Wednesday, July 8, 2009

1. The absence of fatherhood in general, but especially in minority and low-income homes.

For one thing, it is fairly likely - in MANY, not all cases - that a man in the home with some earning power and ambition can keep his family out of low-income situations (however, some people try their best to provide for their families and find that they can only do so much). We need fathers not only to provide financially, but to also provide the discipline and structure that children need when they are growing up. Without this structure and a positive male role model in the home, children are left to seek substitutes, a phenomenon that doesn't turn out too well in most cases. These situations lead to unexpected behavior patterns that are really cries for help and for that love of a father. Don't believe me?
In his song "It's Your World" off his 2005 album, Be, Rapper Common said,

"My mother gave birth, but she really never had me
Left to the hood to play Daddy
Raised by niggas named Butch, Puda, Bebe..."

Don't believe him? Fine, don't just take his word for it, how about Lupe Fiasco, who in his song "He Say, She Say" off his 2005 debut album, Food and Liquor, wrote about the absence of fatherhood from the point of view of a fatherless young man?

"To be a man, she try to make me understand
That she my number one fan
But it's like you booin' from the stands
You know the world's out to get me, why don't you give me a chance?"

One surefire way to eliminate this problem is that we have to educate and empower our young people to make the proper decisions when it comes to sex. Having been raised a Christian, I believe that abstinence is the way to go, but the truth is that young people are experimenting very freely with sex these days. It's rather hard to teach abstinence to those who have already let the "cat" out of the bag (take that however you want) but we can at least offer tools for safe sex.The truth is that many young fathers tend to leave when they get the phone call, leaving their children to be raised by a single mother and other influences that are around (more on this when I get to #2 on the list.) I think most women have realized this by now, so it's time that we respect and love ourselves and our children (whether or not we have any yet) to make the decision to wait until we have achieved the financial and emotional stability *translation - a decent and steady source of income and TWO loving parents that all children need. The balance between the nurturing of Mom and the discipline of Dad are essential to every child.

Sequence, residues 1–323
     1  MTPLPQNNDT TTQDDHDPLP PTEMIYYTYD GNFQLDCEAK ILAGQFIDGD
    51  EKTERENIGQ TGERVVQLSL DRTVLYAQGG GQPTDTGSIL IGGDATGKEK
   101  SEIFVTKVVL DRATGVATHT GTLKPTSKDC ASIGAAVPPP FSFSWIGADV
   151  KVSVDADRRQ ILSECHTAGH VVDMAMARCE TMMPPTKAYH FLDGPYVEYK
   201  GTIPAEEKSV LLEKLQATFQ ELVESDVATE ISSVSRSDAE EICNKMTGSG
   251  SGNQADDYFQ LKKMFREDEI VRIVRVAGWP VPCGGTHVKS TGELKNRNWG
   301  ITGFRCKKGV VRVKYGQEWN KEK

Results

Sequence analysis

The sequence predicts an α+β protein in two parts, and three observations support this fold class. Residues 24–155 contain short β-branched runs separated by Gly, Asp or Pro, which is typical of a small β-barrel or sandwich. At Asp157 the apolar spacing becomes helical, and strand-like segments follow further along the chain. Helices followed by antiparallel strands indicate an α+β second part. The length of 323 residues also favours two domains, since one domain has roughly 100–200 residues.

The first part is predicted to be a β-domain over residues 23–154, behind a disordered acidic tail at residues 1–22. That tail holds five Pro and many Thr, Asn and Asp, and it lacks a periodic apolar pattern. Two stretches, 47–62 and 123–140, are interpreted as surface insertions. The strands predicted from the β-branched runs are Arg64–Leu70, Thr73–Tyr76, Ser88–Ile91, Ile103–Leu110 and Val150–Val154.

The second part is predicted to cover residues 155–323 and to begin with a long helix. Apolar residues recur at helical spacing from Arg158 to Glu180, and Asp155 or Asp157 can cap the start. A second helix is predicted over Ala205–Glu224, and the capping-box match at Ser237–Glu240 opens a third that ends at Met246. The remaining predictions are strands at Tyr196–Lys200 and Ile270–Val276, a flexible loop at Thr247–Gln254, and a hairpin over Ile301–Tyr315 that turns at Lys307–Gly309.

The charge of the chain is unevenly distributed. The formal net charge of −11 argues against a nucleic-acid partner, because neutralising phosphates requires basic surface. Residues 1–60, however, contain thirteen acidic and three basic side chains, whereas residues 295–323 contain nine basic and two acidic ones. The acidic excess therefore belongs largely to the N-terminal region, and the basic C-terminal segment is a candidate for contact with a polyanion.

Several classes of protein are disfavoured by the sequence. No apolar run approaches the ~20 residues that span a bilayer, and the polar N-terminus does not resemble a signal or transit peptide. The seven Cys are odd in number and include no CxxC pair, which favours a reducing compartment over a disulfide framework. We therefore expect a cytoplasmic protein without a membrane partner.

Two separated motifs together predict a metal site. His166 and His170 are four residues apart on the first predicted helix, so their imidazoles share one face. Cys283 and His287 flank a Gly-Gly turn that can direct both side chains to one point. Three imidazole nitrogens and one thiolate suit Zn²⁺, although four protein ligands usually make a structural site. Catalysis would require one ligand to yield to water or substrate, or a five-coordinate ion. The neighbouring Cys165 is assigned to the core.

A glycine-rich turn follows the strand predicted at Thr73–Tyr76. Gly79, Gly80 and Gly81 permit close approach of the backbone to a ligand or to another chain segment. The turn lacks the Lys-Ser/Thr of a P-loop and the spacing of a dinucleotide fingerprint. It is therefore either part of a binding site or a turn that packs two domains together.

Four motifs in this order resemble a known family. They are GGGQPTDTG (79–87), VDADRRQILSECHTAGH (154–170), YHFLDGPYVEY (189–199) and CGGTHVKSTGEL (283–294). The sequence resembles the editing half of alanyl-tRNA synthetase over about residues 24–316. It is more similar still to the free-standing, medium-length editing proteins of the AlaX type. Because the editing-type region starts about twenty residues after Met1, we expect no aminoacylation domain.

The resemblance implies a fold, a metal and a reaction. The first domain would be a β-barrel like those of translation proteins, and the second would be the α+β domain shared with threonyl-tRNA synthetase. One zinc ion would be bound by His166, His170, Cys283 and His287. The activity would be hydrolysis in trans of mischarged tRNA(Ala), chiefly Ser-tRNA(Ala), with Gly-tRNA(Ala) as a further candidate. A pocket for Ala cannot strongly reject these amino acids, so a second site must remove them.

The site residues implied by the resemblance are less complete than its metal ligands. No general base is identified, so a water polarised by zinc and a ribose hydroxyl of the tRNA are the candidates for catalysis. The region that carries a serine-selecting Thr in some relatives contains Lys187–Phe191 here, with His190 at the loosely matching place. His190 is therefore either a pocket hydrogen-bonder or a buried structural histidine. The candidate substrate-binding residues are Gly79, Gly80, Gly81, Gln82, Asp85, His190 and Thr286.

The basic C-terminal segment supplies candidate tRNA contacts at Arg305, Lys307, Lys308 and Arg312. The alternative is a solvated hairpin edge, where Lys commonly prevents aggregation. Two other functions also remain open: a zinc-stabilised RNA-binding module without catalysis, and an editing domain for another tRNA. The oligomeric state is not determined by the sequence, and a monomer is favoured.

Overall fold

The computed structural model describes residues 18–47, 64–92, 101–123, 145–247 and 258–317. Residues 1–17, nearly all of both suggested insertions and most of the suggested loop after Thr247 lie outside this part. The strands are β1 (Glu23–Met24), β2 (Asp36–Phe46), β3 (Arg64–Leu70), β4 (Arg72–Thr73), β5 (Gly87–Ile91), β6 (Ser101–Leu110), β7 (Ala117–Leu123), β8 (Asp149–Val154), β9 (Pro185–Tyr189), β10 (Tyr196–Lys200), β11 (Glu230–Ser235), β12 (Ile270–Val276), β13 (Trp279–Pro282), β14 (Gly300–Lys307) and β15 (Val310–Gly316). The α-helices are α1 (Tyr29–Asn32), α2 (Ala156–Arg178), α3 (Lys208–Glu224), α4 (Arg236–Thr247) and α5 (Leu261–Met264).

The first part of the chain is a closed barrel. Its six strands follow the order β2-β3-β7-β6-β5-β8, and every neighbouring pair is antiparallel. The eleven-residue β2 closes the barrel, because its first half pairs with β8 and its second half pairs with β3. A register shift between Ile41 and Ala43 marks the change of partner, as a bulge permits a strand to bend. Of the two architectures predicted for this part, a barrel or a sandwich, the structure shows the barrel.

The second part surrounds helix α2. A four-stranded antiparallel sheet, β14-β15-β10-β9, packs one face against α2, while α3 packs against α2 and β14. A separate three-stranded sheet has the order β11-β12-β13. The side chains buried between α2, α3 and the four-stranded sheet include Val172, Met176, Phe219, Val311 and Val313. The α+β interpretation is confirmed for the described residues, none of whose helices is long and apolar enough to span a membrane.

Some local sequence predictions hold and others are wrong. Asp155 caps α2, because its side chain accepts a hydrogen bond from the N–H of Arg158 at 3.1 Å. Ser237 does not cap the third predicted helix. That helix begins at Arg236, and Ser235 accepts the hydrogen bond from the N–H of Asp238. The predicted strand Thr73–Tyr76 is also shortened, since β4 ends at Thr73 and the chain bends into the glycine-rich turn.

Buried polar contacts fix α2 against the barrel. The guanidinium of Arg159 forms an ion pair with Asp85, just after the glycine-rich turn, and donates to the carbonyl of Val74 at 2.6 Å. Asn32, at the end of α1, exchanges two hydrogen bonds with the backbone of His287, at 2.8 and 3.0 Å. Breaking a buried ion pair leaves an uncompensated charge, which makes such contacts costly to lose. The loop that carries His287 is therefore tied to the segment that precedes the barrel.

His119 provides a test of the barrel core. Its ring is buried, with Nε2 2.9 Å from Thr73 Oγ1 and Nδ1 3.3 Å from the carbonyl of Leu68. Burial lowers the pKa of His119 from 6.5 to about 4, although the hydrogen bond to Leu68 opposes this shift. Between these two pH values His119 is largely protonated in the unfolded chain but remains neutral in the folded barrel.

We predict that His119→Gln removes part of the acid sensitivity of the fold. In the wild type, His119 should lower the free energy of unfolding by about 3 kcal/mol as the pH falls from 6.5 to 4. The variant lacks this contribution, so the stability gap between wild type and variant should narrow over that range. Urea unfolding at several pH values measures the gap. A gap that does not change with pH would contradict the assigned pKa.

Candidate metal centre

Now that that's out of the way, let's switch gears a bit. Many young men are not fathers simply because their fathers weren't around and they argue that they don't know how to be fathers. This is a problem, and it is unfortunate.
Shaq's biological father didn't bother. He's still a success, and a father to his kids. President Barack Obama only met Barack Sr. once, and yet he is quite successful, a husband, and a father to his two children. In fact, he has a lot to say about fatherhood.

My father's mother was shot and killed by his dad, her husband, when my dad was only 10 years old. He still raised my brother and I and remained faithful to his wife. In fact, his two brothers, my uncles, are fathers and husbands as well. It doesn't matter what happened in the past, as long as we are living and breathing we have the opportunity to change for the better and make amends for the mistakes we have made. With that being said, young men have to realize that by engaging in the activities that create children (a.k.a. SEX) we increase the risk of having children and need to be willing to step up to the plate and be men if and when the time comes. Don't want children? Stay out of bed. That's the only surefire way to take care of it. Being a man means having the discipline and self-control to keep away from these adverse circumstances, or at least having the decency and responsibility to own up for one's mistakes and tale care of and make provisions for them. It's not about how many women you bed, it's about controlling ourselves and therefore the outcomes and situations that we create for ourselves and others. We need to stand up and be men, fathers, and positive male role models for the children growing up - whether we were fortunate enough to have had the influence of such men in our lives or not. We owe it to ourselves not to repeat the mistakes of absentee fathers and to continue in the tradition of those that were present - whichever applies.